University of Toronto researcher raises thorny question about COVID-19 death toll in British Columbia

This weekend, British Columbia is certain to hit another grim milestone.

With 2,597 official deaths from COVID-19 so far, it is inevitable that the province will top 2,600 when the Department of Health releases the latest statistics on Monday (January 31).

On Friday January 28, British Columbia also reported that there were 990 “COVID positive people” in hospital.

During Friday’s briefing from Provincial Health Officer Dr. Bonnie Henry and Health Minister Adrian Dix, a chart was presented showing that British Columbia has far fewer deaths per capita than other large provinces.

“British Columbia has had some success compared to other jurisdictions, but there have been real losses,” Dix said.

The general tone was that COVID-19 has been a grueling battle over the past two years, but the province is doing its best to stem the worst effects of the disease.

This graph shows British Columbia’s death toll from COVID-19 compared to other major provinces.

Another graph shows that British Columbia’s hospitalization rate is lower than other major provinces.

This graph shows British Columbia’s record for hospitalizations due to COVID-19 compared to other major provinces.

This reassured British Columbians that the provincial government responded competently to the pandemic.

But an associate professor at the University of Toronto’s faculty of dentistry has publicly questioned whether British Columbia might be underreporting COVID-19 deaths to a much greater degree than other provinces.

Dr. Tara Moriarty directs the Moriarty Lab, which studies blood-borne bacterial pathogens. She has a cross-appointment in the Department of Laboratory Medicine and Pathobiology, Faculty of Medicine, University of Toronto.

In one long twitter thread looking at provincial death rates, Moriarty suggested that there is a “possible 5-fold underdetection/underreporting” of COVID-19 deaths in British Columbia

It was based on “the daily new deaths predicted for Omicron, based on age-specific death rates, vaccination rates, boosters, vaccine protection against deaths from Omicron, the number of people in each group living in a region, minus the deaths reported so far in each region”.

Moriarty updates this information daily.

According to his analysis, Quebec is the only province in Canada with a total of COVID-19 deaths that matches his estimate of expected deaths.

It is an astonishing assertion.

Unsurprisingly, Moriarty’s analysis is generating quite a bit of discussion on social media, including among some doctors.

Steve Morgan, a professor in the UBC School of Population and Public Health, encouraged his Twitter followers to read Moriarty’s thread and then “ask questions accordingly.”

Here’s the problem with Morgan’s recommendation to ask questions accordingly: The vast majority of the population lacks the means to verify whether hospitals and health authorities are accurately reporting COVID-19 death statistics.

Still, this is an extremely serious problem, given the death toll. That aside from a growing controversy over whether the provincial government is responding appropriately to a airborne virus.

Sonia Furstenau, Green Leader from British Columbia, has already demanded an independent scientific table on COVID-19 and up-to-date data on people’s ages hospitalized with COVID-19.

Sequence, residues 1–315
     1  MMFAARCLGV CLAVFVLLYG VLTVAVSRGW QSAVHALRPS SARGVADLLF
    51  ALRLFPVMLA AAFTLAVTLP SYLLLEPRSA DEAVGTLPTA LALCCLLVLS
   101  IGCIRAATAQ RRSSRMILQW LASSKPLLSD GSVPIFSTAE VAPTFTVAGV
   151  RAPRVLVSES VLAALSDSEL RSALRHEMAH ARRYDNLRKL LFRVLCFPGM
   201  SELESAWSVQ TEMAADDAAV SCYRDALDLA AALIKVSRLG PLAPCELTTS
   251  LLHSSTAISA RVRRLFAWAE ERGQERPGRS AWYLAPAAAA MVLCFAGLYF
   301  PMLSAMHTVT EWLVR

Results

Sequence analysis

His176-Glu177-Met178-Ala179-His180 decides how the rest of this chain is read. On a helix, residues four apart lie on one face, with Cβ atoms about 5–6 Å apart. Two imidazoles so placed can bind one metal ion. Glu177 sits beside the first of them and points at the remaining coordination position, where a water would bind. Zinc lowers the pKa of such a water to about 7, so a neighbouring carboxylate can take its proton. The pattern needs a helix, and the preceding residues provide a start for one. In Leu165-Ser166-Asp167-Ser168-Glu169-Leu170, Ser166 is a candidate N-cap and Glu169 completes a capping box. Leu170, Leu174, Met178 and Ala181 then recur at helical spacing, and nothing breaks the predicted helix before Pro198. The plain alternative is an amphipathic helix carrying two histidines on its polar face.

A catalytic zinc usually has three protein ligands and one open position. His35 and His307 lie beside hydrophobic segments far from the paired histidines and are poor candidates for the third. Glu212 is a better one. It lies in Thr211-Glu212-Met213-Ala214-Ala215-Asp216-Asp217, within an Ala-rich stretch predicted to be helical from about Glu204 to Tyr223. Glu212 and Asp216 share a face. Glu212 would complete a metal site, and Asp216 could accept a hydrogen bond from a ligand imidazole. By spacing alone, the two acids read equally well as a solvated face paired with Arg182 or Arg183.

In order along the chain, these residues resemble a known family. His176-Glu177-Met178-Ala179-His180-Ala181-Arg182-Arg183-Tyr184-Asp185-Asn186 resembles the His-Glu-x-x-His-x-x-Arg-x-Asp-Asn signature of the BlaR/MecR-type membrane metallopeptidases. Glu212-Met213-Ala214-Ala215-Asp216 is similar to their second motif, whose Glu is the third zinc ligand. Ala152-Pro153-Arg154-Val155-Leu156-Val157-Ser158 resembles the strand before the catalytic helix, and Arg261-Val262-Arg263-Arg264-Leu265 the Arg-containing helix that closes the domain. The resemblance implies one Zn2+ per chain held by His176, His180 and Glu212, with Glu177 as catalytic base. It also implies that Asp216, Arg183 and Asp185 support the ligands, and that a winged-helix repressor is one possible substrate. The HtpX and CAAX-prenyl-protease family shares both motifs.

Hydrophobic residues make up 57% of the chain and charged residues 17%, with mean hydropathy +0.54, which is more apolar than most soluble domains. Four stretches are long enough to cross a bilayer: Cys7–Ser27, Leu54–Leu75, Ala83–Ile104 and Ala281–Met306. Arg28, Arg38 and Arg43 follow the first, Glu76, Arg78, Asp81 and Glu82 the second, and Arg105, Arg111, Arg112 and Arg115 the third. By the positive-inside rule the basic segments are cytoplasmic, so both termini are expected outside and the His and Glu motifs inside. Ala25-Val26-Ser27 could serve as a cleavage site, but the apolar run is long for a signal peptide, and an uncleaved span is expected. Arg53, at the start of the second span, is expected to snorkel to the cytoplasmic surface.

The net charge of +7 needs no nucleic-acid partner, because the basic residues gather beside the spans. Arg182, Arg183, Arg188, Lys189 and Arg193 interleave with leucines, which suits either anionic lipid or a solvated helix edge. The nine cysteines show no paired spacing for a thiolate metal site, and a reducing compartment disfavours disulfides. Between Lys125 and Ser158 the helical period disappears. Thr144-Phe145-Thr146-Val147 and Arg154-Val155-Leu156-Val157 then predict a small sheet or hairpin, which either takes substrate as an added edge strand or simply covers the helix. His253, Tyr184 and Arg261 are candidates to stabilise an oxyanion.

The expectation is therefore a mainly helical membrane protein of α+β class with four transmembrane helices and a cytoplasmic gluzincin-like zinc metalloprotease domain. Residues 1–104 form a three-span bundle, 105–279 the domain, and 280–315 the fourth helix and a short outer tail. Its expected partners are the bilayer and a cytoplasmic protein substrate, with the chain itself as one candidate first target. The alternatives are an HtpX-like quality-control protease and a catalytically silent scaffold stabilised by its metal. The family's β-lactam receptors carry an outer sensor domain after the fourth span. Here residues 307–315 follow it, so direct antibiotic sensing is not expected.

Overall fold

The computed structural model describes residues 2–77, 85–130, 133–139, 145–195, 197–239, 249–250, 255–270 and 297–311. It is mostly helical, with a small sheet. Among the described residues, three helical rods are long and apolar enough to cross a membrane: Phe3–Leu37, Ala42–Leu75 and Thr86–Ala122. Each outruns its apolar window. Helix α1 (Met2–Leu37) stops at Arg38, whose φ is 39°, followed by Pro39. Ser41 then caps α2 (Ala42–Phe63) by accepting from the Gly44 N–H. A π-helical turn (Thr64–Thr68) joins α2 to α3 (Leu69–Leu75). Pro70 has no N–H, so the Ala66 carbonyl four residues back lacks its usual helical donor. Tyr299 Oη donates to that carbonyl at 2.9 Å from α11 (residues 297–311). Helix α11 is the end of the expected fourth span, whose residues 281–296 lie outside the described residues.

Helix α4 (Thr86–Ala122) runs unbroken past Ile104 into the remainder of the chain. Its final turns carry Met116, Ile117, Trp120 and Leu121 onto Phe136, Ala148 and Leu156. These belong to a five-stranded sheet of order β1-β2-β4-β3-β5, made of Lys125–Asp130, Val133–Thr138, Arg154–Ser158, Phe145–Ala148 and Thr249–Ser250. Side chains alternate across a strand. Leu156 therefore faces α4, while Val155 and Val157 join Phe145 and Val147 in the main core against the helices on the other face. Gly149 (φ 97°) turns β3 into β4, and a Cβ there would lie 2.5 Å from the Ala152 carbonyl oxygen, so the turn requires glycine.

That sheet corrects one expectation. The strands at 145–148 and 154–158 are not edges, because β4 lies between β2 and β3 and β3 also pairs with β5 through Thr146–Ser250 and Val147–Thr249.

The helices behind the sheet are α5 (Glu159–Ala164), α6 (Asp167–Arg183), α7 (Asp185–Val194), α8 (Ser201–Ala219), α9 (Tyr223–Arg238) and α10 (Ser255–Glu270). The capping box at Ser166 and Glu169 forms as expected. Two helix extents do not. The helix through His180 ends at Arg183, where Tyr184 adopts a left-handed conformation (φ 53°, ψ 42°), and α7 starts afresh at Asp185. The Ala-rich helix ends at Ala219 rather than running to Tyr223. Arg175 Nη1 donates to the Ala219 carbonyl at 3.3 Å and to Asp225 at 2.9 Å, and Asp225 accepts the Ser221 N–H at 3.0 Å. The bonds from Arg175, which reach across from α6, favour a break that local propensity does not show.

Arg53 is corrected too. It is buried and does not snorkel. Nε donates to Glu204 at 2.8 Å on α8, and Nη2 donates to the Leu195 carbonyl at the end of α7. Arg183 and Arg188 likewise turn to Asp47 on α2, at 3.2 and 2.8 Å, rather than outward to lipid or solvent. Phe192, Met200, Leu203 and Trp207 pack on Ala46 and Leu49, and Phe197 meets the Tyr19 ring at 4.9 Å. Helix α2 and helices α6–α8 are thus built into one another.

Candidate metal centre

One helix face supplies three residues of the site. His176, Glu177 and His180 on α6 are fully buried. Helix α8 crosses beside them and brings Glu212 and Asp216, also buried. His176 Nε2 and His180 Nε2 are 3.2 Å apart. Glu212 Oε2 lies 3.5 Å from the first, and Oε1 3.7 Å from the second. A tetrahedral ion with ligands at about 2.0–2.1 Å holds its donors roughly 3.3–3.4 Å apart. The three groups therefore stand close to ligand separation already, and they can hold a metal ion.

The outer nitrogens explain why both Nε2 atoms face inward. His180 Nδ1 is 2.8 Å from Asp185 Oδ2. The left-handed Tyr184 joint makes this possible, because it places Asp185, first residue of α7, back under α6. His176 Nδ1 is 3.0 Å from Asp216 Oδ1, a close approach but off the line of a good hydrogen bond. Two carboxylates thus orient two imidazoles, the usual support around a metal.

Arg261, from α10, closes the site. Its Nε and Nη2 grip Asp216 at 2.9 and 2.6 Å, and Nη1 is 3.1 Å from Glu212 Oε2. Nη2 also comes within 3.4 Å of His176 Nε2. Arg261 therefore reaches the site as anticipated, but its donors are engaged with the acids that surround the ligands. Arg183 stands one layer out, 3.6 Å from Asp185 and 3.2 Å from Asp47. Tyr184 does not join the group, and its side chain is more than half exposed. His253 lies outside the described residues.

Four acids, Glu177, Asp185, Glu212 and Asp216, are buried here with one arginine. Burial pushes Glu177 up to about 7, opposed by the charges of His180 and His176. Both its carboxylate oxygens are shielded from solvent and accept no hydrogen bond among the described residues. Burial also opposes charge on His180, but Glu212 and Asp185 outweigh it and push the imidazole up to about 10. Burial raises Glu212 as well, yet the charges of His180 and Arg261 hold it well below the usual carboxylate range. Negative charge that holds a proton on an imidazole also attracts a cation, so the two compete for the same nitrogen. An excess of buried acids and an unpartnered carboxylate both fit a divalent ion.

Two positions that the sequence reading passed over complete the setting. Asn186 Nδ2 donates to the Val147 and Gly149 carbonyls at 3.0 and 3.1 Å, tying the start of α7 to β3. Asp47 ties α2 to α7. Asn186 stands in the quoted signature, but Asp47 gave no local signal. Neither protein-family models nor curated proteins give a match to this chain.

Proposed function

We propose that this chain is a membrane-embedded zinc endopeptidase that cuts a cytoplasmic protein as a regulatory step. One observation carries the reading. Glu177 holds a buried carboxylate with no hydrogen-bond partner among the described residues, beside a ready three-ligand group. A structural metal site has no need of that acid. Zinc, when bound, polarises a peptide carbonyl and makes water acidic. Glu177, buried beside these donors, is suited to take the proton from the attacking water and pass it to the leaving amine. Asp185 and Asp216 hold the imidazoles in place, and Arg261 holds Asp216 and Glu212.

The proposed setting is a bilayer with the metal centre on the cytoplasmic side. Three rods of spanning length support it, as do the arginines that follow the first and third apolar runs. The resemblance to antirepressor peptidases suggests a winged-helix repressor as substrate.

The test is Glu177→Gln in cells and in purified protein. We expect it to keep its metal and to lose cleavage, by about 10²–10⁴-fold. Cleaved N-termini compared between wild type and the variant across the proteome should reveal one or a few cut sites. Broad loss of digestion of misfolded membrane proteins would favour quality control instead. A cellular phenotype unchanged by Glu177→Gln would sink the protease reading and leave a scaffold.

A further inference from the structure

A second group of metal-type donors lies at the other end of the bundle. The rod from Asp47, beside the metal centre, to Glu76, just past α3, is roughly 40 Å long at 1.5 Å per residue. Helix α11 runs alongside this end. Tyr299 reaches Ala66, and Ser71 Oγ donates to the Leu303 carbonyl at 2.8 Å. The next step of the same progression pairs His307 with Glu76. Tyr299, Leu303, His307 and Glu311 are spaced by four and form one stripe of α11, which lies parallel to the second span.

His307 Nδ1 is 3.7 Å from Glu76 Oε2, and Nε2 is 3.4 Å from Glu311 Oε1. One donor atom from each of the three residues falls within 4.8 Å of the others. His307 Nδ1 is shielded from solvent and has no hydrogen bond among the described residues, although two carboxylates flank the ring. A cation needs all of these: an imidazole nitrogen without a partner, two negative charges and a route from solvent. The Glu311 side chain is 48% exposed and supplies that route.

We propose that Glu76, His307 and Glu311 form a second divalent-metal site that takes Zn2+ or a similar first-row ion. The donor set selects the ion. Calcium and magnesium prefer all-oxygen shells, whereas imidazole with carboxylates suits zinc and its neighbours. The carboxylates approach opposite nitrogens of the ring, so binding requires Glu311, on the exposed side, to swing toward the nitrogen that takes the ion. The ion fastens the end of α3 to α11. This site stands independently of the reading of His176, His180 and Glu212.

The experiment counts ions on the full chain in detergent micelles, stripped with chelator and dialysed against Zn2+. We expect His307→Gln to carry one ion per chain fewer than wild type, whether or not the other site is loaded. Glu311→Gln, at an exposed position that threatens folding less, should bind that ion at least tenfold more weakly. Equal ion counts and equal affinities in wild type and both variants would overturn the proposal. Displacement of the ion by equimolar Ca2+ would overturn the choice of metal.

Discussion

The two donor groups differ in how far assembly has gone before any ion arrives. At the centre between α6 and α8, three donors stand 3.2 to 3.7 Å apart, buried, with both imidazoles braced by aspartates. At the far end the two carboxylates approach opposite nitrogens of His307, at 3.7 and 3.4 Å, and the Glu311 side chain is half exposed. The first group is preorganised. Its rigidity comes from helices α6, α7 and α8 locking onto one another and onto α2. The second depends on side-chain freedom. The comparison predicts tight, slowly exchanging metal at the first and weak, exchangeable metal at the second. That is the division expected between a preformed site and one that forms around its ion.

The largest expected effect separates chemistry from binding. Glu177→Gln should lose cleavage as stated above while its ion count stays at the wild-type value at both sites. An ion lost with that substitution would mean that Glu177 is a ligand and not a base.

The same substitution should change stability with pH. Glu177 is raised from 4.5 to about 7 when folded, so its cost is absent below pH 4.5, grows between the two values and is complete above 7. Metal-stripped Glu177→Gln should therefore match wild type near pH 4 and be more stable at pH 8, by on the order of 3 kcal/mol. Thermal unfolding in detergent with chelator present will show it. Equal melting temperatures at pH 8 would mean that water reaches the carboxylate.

In light of Moriarty’s finding that British Columbia has the fewest recorded deaths compared to expected COVID-19 deaths, don’t be surprised if Furstenau’s next request will be for an independent review of COVID-19 deaths. 19.

BC Green Leader Sonia Furstenau has called for an independent scientific panel to assess the BC government’s response to the COVID-19 pandemic.

A vascular disease

Part of the problem with assessing whether someone has died from COVID-19 is the widespread perception that it is a respiratory disease.

In fact, a growing number of scientific experts claim that it is actually a vascular disease with primary symptoms of a respiratory condition.

“Our public health officials insist on calling COVID a respiratory disease when it is clearly only the first phase of this complex syndrome,” said a group called Protect our province BC written on January 17 open letter to Minister of Health Adrian Dix.

“The concerning part of COVID-19 is the vascular injury which can manifest, often some time later, in damage to multiple organs, including the heart, lungs, liver and brain, causing long-term illness that is life-altering for some,” the letter continues. very little understood, Post covid syndrome or Long Covid suffer in silence and are classified in the statistics as ‘cured'”.

In his January 28 briefing – which came on the second anniversary of the first diagnosis of COVID-19, Henry did not mention that the disease is airborne or vascular.

In another briefing this month, Henry said COVID-19 will need to be managed like other respiratory illnesses, such as influenza, respiratory syncytial virus and enteroviruses that cause the common cold.

In one January 28 interview on CBC Radio One The stream along with Matt Galloway, Henry also argued that there is a high level of immunity due to the extent of vaccination against COVID-19.

“It’s like a really bad flu season,” Henry told Galloway.

She reiterated that the Omicron variant causes “predominantly mild disease”. And she predicted that British Columbia will have a “relatively mild spring”.

“We have the tools to deal with what comes next – and we’ve learned that,” Henry said.

She also claimed there was “intentional misinformation” being spread with the aim of “fomenting fear”.

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